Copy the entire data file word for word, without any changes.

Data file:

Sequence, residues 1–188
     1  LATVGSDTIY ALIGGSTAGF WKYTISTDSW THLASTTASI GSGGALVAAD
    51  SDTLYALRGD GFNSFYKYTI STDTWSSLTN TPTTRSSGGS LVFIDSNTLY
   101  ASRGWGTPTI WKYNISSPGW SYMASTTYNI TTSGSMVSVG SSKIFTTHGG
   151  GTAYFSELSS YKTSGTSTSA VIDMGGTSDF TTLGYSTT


Sequence, residues 1–188
     1  LATVGSDTIY ALIGGSTAGF WKYTISTDSW THLASTTASI GSGGALVAAD
    51  SDTLYALRGD GFNSFYKYTI STDTWSSLTN TPTTRSSGGS LVFIDSNTLY
   101  ASRGWGTPTI WKYNISSPGW SYMASTTYNI TTSGSMVSVG SSKIFTTHGG
   151  GTAYFSELSS YKTSGTSTSA VIDMGGTSDF TTLGYSTT